It Felt Good features a kind of comedy that is so bizarre, it is borderline surreal. Writer-Director William Nicol stars as the protagonist, an auditioning actor barraged with the demands of his profession, some ethical and some not quite. And a bit of the latter is even self-inflicted.
Everyday anxiety, mild performance anxiety, and a healthy dose of self-doubt renders Will low-key torn up and vulnerable. The first contributing incident we witness is a black actor (DeMorge Brown) rehearsing for the part with the spirit of a particularly pissed off Samuel L. Jackson. To be fair, Brown is rather good, making Will’s fears justifiable and him a relatable character. The film takes a sharp tonal turn with Will’s audition; what was relatable and light, takes the bizarre turn that is the true making of It Felt Good. Nicol excels in his character; his last line gives the film its title, a last punch of delightfully twisted comedy.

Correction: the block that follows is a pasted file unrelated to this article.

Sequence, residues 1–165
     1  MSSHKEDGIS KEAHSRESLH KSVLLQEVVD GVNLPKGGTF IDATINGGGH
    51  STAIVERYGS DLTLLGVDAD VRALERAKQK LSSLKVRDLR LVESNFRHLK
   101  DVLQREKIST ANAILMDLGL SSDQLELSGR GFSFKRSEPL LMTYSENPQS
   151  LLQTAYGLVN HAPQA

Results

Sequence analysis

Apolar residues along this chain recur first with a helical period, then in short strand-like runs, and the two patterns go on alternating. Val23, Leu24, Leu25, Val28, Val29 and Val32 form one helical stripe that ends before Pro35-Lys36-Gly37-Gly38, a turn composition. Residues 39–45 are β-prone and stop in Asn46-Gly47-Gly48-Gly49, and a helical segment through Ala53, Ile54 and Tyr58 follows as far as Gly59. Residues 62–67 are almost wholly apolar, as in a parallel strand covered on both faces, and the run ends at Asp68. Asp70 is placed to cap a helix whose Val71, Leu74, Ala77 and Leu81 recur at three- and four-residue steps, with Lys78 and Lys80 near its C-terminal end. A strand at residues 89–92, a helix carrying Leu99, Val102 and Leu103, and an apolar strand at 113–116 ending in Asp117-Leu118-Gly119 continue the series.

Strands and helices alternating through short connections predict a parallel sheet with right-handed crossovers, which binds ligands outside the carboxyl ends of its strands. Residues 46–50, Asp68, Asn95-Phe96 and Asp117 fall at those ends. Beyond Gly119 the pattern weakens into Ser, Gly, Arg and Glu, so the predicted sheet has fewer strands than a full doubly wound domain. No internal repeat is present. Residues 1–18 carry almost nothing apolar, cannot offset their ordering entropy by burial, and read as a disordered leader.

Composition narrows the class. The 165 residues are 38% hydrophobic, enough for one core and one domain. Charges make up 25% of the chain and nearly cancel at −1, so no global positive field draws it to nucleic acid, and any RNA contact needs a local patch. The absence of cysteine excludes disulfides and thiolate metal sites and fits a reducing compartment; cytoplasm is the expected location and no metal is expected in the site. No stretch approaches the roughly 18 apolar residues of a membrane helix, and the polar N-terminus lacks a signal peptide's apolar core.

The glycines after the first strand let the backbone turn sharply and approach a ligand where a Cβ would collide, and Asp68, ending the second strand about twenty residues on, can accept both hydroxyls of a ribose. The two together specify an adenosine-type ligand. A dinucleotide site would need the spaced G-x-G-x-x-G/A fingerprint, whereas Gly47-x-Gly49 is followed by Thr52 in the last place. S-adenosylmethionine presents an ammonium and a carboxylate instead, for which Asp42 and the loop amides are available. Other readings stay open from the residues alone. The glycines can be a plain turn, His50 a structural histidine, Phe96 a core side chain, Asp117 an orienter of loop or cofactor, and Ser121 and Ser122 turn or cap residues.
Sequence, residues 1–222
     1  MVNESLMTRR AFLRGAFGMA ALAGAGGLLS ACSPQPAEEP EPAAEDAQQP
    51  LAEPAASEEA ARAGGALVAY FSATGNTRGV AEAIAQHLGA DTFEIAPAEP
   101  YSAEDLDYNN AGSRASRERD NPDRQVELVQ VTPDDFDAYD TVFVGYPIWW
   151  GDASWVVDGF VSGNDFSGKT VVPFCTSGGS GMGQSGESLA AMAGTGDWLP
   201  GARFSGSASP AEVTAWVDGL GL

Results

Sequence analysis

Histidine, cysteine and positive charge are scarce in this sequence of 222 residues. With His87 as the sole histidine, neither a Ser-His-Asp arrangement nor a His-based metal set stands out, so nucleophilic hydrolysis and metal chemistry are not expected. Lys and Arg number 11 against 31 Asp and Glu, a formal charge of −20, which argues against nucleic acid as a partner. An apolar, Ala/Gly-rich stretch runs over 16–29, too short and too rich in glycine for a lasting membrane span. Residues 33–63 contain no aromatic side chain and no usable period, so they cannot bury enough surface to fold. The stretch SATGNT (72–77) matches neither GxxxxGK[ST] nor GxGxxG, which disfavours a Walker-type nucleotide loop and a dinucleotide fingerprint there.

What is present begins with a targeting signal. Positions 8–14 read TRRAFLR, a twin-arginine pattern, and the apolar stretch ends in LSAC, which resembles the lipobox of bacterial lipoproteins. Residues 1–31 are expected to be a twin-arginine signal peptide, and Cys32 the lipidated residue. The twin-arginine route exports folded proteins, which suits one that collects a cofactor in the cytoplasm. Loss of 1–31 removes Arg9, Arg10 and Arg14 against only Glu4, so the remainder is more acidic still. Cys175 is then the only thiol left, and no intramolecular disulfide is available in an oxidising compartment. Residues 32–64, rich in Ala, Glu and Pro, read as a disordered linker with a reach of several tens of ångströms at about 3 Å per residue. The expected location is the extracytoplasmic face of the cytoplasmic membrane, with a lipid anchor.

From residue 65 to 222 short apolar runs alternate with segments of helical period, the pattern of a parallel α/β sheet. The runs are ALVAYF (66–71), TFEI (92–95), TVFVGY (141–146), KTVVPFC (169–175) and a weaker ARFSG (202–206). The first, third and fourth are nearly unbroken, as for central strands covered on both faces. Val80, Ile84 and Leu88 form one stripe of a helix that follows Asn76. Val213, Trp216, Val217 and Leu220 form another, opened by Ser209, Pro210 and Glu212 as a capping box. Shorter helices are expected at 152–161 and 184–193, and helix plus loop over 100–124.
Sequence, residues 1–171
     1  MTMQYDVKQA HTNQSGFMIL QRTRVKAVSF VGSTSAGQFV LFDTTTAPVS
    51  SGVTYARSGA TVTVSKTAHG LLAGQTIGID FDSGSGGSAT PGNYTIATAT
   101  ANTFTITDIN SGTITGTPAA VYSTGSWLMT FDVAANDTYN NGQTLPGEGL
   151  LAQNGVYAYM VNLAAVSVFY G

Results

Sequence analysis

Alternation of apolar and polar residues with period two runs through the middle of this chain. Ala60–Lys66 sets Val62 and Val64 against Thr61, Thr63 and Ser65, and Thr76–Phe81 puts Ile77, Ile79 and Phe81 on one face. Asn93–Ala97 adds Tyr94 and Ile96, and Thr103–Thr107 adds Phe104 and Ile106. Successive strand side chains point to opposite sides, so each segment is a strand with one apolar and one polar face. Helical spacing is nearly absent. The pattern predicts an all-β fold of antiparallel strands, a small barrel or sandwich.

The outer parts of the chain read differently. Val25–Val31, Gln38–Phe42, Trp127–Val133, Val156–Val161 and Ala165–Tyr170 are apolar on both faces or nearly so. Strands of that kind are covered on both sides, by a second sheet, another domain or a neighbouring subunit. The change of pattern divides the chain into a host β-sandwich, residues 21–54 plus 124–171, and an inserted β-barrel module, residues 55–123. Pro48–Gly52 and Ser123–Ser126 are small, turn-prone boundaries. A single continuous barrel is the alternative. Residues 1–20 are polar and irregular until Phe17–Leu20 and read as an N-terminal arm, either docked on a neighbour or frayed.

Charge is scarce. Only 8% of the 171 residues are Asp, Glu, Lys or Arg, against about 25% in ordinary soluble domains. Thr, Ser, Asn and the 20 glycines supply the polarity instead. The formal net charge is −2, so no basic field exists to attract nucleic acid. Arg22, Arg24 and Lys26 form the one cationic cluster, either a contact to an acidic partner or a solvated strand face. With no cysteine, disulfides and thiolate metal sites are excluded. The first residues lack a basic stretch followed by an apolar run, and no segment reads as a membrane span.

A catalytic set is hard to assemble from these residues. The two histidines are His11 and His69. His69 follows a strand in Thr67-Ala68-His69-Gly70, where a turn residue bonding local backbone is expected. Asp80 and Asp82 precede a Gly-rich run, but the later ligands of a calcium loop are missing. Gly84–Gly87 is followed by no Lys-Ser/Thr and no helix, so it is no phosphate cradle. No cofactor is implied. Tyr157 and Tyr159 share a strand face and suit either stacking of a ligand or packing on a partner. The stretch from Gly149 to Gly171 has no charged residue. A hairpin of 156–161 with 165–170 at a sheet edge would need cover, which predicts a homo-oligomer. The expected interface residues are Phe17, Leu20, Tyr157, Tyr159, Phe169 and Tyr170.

Nicol lets his film say a lot in a mere four minutes. What is funny on the surface, offers complex, layered insight just underneath. In the four minutes that the film runs, the best of its visual design- its video camera footage – emphasises the element of horror in its comedy, and even summarises the very situation: horrifying situations painted over as lighthearted and every day. More often than not, you have only the option to roll with it.#ShortFilmReview: It Felt Good: Let's keep it lighthearted and funny. Click To Tweet
Watch It Felt Good Short Film Trailer
It Felt Good: Laugh Along In The Face Of Horror
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